Negotiations, thus, should be based on the understanding that future relationships also are important. It is especially true for the business world where one is trying to sell an item to a customer, family members who are trying to solve an issue in the family, as well as in the national and international relationships. While negotiating with another party, it is equally important to address the perceptions, separating the relationships from the substantive and trying to put oneself into the other person’s shoe. One of the challenges to the attainment of the wise agreements is the tendency of confusing the people with the issue at hand. To this end, it is possible for one party to take a stand, which he or she is not willing to concede, because of not appreciating the personality of the other party.
This situation can be illustrated by a couple, in which a man speaks loudly and angrily. It is his character and habit to shout during the process of negotiating. The woman, in turn, should consider this personality and not confuse it with the issues, which may be of great importance to them both. All people face the challenges in communication when they engage in a negotiation process. It is important that one party notices this problem and try to listen carefully and acknowledge the other party, speak clearly to make the message understandable, avoid speaking about the other party directly as opposed to accusing them and becoming personal. Rather, he or she should speak with an aim to achieve something while confronting the problem, not the person.
Focus on the Interests, Not the People
In a negotiation, it is easier to address the other party directly than the problem at hand. Negotiations should be aimed at reconciling the interests of the parties and never the positions that they hold about the problem. Focusing on the position is similar to telling the other parties that they are wrong in their suggestions without really letting them know why. Through the understanding of the underlying interests, it is possible for the parties to dissect the problem and come up with the solutions to that particular issue. The focus should also be placed on shared and compatible interests without disregarding the divergence areas. The parties should not assume that opposing the views mean that the interests also must be opposed. A closer examination of the shared interests will point out the areas where the opposing views can be compatible and agreed on. For instance, in the example of a parent and a school child given above, it is important for the parties to identify the issues, on which they agree such as the convenient of the school, the number of school fees, and school’s performance in the previous examinations. These and many other points will figure out the compatibility areas that will facilitate the agreement between the parent and the child on which school to attend.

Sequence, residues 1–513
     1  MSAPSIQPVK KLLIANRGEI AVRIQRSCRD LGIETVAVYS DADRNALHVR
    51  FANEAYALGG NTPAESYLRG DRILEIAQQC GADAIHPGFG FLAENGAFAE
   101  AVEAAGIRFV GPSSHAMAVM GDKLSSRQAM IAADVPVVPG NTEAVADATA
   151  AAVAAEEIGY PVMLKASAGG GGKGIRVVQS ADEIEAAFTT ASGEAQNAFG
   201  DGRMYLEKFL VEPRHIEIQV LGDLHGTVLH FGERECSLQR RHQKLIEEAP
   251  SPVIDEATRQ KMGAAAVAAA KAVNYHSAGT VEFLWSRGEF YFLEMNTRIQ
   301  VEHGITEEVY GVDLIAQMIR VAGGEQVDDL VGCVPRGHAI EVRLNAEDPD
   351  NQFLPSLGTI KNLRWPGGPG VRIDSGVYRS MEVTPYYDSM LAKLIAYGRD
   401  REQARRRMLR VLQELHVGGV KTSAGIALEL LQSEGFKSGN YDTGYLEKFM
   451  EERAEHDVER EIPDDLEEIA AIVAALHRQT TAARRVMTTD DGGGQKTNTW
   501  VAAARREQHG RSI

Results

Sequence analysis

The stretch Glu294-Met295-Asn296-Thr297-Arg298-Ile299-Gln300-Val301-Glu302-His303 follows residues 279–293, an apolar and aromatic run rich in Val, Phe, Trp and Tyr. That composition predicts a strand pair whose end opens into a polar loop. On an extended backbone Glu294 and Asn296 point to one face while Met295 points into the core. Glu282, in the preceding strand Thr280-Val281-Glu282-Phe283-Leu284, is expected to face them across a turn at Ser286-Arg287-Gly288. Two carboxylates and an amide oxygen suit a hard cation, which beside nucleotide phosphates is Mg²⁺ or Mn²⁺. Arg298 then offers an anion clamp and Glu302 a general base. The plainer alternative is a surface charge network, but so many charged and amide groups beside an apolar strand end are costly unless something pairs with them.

Invent the Options for the Mutual Gains
In every situation, there are many options. These options should be explored in negotiation. While exploring the options, it is important that the parties look out for the potential obstacles that can limit the achievement of the most appropriate options. One of the obstacles is a premature judgment by one or all parties. The premature judgment prevents creative thinking in negotiation and means that other viable and more appropriate options are out of the question. The second obstacle is the narrow mind in looking for a single answer to the problem. It means that the two parties are static in their approach to the issue at hand and are not willing to explore the other available options. It also means that the negotiation has only a win-lose dimension since each party is not willing to explore the other possibilities. The parties involved are convinced that their stand is the only available solution to the problem, about which they might be negotiating.
The third obstacle is the assumptions that the parties might expect the benefits from the other party. Definitely, such expectations limit the openness and genuineness of the negotiation and even introduce deceptions because one party is not sincere with what he or she wants to achieve as a result of the negotiation. Lastly, the parties may consider that they do not have a stake in whatever is finally agreed on as the solution, provided they get what they want. This idea is formulated along the lines of being inconsiderate of the other party’s interests and selfish with their own interests.